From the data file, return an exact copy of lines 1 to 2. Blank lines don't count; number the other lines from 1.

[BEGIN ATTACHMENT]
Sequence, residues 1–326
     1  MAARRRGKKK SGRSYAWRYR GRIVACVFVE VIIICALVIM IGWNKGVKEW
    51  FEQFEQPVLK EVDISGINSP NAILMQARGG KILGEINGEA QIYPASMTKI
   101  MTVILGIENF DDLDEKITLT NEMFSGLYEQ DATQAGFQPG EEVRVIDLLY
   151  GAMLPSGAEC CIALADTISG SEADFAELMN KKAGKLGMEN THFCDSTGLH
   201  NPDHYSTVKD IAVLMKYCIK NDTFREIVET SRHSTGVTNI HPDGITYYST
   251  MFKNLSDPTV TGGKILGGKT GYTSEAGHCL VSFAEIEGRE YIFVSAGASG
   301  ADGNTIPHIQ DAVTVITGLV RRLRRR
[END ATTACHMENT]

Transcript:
Sequence, residues 1–326
     1  MAARRRGKKK SGRSYAWRYR GRIVACVFVE VIIICALVIM IGWNKGVKEW